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From Joe Bowser <>
Subject Re: too long to package a release?
Date Thu, 20 Dec 2012 18:22:25 GMT
We are totally doing something wrong with the way that we do releases.
 I personally think that we're not using git right, and here's why:

Currently, when we do a release, we tag the RC, and we test the RC.
There's nothing preventing us from putting things after that tag and
if we don't want to those things in the release branching off that
tag.  We've done it before and other than the problem with CoHo, it
worked really well.  I propose that instead of tagging the release, we
branch when we want to do a release, and we do all the bug fixes on
that branch.  Once that branch is ready to roll, we merge it back into
master.  In fact, nobody should be working on master except to do
merges.  The way we're doing this now feels dirty and wrong.

I honestly feel that this is a much faster way of working, and that
we're missing the point if we have to tell everyone to jump out of the
pool every time we do an RC.  I know that we could be working on our
branches, but that work is almost entirely invisible to the rest of
the project until it's time to merge it back in, which takes forever.

On Thu, Dec 20, 2012 at 10:07 AM, Michal Mocny <> wrote:
> So there is something to be said about having devs shift focus from dev to
> testing during an RC.  However, as the team grows, not all of us are really
> being responsible for cutting releases.  Maybe that means we need to train
> the entire team to change current behavior, but that doesn't feel
> necessary/scalable.
> With growing external contributions, I would have to say that a code freeze
> on trunk doesn't seem to make as much sense.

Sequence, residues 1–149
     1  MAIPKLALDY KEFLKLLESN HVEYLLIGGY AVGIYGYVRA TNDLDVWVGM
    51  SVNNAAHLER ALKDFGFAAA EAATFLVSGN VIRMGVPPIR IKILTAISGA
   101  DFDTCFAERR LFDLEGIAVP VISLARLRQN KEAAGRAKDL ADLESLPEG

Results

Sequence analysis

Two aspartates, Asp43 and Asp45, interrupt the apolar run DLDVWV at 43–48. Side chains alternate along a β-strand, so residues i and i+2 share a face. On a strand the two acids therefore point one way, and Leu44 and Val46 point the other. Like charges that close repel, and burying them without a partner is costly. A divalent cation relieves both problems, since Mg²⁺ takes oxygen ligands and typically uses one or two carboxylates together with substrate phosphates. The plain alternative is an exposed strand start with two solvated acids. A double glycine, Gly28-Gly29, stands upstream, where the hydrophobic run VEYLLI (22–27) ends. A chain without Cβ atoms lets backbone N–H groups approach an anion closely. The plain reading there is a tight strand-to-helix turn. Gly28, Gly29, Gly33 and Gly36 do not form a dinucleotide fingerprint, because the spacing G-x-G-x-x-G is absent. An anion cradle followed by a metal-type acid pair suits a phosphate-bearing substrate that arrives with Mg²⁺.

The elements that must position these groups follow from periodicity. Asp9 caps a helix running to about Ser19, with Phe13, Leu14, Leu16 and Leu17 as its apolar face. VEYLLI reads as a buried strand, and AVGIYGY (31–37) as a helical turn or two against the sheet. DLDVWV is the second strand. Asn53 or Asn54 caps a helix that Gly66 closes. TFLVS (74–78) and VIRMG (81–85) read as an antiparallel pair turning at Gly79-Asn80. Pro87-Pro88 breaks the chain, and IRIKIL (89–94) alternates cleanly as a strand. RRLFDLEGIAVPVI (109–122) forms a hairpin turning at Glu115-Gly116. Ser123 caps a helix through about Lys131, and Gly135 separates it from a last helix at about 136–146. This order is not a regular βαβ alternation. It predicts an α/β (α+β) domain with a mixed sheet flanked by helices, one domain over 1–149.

> -Michal
> On Thu, Dec 20, 2012 at 9:47 AM, Andrew Grieve <> wrote:
>> I definitely think we'd get more done if we didn't have such a long
>> code-freeze. I'm not sure this is the same as what you were suggesting, but
>> have a script/tool to branch all of the platforms into an rc branch. Then,
>> each platform can fix themselves up a bit and tag their RC. Meanwhile, dev
>> can continue to happen on edge.
>> My main concern with our current approach is just that the code-freeze time
>> is super long.
>> On Wed, Dec 19, 2012 at 3:36 PM, Marcel Kinard <> wrote:
>> > One of the things that strikes me here is the difference between calendar
>> > time and effort time. (This assumes folks already concurred that the rc
>> is
>> > ready to release.) Based on my reading of**
>> > cordova/CuttingReleases <>there
>> isn't a lot of effort time involved to cut a release. It seems like a
>> > good chunk of the calendar time is getting folks to tag their platform.
>> > Ideally the promotion from rc to final should take very little effort
>> time.
>> >
>> > What I like about the rc is that it provides a settling mechanism for the
>> > churn to calm down, run tests across more integration, and see the bigger
>> > picture to assess release readiness. I would expect that the promotion
>> from
>> > edge to rc should take a decent amount of effort time, but not because of
>> > the "cut" activities.
>> >
>> > So when we are at rc and don't find any surprises, why does it take a
>> week
>> > to promote to final? If we spend a week in rc1, another week in rc2, and
>> > another week to cut final, that leaves only 1 week in a 4-week cycle for
>> > active dev work?
>> >
>> > I like the ideal of a channel/stream/branch/whatever where there is a
>> > place for the rc to settle without necessarily blocking commits to edge.
>> > Where I'm going with this is that if there is an area where commits to
>> the
>> > rc are carefully controlled, then perhaps one person (i.e, Steve G) could
>> > cut the release for ALL platforms using scripts. This may involve that
>> one
>> > person tagging/branching/whatever across multiple platforms.
>> >
>> > I also like putting the "how to cut" magic in each platform. Then perhaps
>> > a good chunk of coho is tests to make sure that the platform magic
>> > delivered the correct format to it.
>> >
>> > -- Marcel Kinard
>> >

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